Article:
Anthony Foley has done his best in recent weeks to drum up the Munster support of old and although performances on the pitch are still far from perfect, come Saturday evening his side have a chance to lay down a serious marker in their Champions Cup pool.

The fixture list has been kind to Munster in that they welcome arguably the poorest team in the entire competition to Thomond Park but a Saturday evening kick-off against Treviso doesn't exactly have the same allure as next month's mouthwatering clash against Leicester Tigers.

Ticket sales have been waning down south for quite some time now and it has evidently irked Foley who has publicly voiced his concern in recent weeks.

In the last five years, Munster have lost three of their five opening games in Europe, while last season, they scrapped past a Sale side who would go on to lose all six of their pool games and finish seventh in the Premiership.

Foley and his players will do their best to play down expectations ahead of their meeting with Treviso but the reality of the situation that both teams find themselves in is that Munster should be looking to come away with a bonus point victory if they are to give themselves a chance of emerging from a tough pool.

Leicester host Stade Francais on Friday night which means that come 5.15 the following day, Munster will know which one of their rivals are already playing catch up.

It's almost inconceivable to imagine Munster not beating a Treviso side who are without a win in the Pro12 since last February but it is imperative that they do so in such a manner as to build confidence ahead of a tough trip to Paris next week.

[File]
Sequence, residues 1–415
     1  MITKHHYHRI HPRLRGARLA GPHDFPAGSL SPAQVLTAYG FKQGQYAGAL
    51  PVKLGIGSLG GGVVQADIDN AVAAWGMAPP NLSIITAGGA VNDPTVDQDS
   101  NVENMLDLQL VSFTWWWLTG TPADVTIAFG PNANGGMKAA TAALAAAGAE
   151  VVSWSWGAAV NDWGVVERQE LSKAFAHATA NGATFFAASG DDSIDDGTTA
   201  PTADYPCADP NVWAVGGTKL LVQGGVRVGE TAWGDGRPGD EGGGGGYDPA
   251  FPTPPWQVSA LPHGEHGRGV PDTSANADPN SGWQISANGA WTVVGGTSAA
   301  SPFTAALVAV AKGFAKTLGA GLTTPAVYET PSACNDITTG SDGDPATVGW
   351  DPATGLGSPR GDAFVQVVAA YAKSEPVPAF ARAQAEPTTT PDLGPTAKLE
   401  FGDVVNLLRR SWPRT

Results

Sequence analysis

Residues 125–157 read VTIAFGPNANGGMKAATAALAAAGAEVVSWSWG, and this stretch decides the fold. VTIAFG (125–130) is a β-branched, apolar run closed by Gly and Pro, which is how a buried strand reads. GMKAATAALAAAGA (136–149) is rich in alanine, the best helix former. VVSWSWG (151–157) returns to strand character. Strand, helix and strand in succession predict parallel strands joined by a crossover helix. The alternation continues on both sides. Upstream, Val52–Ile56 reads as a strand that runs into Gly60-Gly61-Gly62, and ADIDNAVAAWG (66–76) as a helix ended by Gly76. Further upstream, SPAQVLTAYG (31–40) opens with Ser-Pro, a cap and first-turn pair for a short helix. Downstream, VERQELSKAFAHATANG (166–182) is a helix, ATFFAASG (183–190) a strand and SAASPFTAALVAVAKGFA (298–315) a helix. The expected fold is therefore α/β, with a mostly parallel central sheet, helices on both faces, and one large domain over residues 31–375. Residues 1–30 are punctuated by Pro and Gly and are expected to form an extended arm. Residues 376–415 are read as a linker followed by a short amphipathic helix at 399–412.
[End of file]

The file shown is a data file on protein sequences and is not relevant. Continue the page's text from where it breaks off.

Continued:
In the build up the World Cup, Joe Schmidt spoke about the need for Ireland to peak at the right time and although they did so too soon, Munster will be aware that they also need to time their run.

They travel to Leicester five days before Christmas and by that stage of the competition, Pool 4 will have an altogether complexion.

Domestically, Munster have lost just once all season and that took a last-gasp penalty to beat them. There has been a changing of the guard in recent seasons but the younger generation are beginning to show signs that they have the ability to grind out results.

In a pool where bonus points, losing ones included, are going to be decisive, that doggedness which has been a trademark of Munster in Europe down through the years, could well prove crucial once again.

However, Foley is yet to find his best starting XV with several positions certainly still up for debate.

In the pack, it would seem that just four of the eight players are guaranteed their place while in the back-line, the tinkering in recent weeks would suggest that the coach is still searching for his best combinations.

In times gone by, Munster supporters would flock to Limerick for a Saturday evening European kick-off regardless of the opposition.

Thomond Park may not be the fortress it once was but a ruthless display this weekend may encourage more to return and help rebuild its fearsome reputation.

Irish Independent